|Haab, R. und Jutz, X.||Bog Regeneration Program for the Canton of Zurich||149/4: 105-115|
|For six years, the Canton of Zurich's Conservation Unit has been running a bog restoration program, which aims to regenerate the Canton's most significant 10 to 15 bogs. On five of these sites, measures based on this restoration program have already been implemented. This paper describes the planning and implementation procedures applied to the individual projects as well as the program's core features. Monitoring results so far indicate that the relevant bogs develop as desired.|
|Kuhn, N.||Frahm, J.-P. und Frey,W. 2004
|Kuhn, N.||Benkova, V.E. und Schweingruber, F.H. 2004
Anatomy of Russian Woods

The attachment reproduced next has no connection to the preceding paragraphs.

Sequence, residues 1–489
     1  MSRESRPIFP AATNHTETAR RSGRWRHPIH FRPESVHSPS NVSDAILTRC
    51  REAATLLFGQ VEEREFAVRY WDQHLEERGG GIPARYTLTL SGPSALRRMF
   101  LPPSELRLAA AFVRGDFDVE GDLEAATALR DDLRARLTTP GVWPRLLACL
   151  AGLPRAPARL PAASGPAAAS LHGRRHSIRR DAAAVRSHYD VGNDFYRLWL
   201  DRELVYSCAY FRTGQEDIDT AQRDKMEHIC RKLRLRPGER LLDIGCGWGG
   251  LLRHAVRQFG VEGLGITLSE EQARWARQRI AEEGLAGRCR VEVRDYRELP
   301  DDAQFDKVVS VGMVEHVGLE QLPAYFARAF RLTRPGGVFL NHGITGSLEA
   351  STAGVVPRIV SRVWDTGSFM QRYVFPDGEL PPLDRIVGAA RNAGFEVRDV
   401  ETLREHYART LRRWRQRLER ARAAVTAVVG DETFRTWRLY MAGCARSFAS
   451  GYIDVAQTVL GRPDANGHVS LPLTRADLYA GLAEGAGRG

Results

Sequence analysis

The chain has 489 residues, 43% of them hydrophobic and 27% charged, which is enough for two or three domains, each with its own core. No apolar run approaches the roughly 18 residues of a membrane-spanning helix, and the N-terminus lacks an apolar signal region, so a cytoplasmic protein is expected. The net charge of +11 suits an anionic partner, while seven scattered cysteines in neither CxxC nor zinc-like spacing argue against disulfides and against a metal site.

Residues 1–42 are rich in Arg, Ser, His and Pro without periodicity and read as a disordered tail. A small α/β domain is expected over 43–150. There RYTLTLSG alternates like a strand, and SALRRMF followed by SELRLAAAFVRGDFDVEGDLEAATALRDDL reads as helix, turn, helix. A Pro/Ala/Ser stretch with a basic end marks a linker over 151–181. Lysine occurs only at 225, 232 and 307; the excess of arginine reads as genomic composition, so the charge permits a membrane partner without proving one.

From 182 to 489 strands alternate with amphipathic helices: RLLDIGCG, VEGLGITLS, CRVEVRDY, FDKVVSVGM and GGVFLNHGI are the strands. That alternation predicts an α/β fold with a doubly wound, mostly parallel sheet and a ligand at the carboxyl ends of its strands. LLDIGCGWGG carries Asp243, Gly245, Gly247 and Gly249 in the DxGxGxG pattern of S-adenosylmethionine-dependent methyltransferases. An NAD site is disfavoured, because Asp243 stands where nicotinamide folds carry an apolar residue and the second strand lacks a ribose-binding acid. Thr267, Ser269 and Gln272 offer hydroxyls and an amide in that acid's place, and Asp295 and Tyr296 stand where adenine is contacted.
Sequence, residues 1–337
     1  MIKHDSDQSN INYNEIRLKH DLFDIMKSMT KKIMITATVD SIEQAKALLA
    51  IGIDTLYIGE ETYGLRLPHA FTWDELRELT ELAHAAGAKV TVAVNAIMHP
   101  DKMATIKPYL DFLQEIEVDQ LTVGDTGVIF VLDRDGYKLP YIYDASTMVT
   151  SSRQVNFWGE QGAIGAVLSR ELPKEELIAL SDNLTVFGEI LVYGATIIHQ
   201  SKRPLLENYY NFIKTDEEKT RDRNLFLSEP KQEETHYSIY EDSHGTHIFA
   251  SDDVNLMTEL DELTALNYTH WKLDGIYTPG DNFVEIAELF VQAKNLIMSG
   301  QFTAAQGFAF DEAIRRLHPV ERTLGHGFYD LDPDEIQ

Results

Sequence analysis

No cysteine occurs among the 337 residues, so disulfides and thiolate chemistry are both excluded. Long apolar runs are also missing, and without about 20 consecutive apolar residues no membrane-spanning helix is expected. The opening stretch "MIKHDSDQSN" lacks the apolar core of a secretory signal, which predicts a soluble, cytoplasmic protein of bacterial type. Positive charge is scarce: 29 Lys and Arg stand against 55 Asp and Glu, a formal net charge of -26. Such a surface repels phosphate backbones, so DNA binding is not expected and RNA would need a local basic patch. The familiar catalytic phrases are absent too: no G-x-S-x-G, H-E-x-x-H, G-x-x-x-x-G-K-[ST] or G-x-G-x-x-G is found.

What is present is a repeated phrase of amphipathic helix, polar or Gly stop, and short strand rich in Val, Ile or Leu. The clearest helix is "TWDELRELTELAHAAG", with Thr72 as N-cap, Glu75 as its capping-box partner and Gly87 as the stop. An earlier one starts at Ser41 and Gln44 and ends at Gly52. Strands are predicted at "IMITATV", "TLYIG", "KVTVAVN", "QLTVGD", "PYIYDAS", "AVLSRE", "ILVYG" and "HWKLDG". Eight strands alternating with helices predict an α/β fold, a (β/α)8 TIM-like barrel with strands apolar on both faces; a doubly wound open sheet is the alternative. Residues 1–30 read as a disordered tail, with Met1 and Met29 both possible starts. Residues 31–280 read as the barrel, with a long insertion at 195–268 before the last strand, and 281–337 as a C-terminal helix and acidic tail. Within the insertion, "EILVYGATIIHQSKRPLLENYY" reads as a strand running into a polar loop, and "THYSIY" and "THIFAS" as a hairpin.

|Gilgen, R.||Pressemitteilung der SANW zur Abschiedsvorlesung von Prof. Dr. Dr.h.c.
Kupfer, Holz und Honig - Drei Stoffe und eine Geschichte
|Heinz Böker||Is depression a psychosomatic disorder?||1: 1-16|
|Depressive disorders are very frequent and often very severe psychiatric diseases. The great variety of biological, psychological, and sociological results of the depression research requires an attempt at an integration. For this purpose the «psychosomatic paradigm», which focuses on the circular connection between factors on different dimensions, is applied to the spectrum of depressive disorders. A selection of empirical results of the different areas of depression research (epidemiology, life-event- and social-support-research neurobiology, cognitive science, therapy evaluation) is used as building-stones of a circular model of depression. The complexity of the research questions underlines the importance of an idiographic perspective and an adequate qualitative research design. implications of the suggested circular model of depression for depression research and treatment are discussed.|